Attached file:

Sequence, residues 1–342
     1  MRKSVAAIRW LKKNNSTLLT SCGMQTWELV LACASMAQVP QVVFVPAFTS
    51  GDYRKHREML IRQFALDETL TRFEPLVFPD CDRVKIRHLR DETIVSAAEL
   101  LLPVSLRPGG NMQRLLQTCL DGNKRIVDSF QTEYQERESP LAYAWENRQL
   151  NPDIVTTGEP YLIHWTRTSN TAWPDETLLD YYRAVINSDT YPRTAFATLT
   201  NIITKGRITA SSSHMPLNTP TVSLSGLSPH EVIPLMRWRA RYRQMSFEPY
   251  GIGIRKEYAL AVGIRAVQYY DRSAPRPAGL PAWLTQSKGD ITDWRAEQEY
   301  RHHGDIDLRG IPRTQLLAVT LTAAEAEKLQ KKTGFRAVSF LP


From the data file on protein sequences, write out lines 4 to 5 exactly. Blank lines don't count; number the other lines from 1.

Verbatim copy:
   101  LLPVSLRPGG NMQRLLQTCL DGNKRIVDSF QTEYQERESP LAYAWENRQL
   151  NPDIVTTGEP YLIHWTRTSN TAWPDETLLD YYRAVINSDT YPRTAFATLT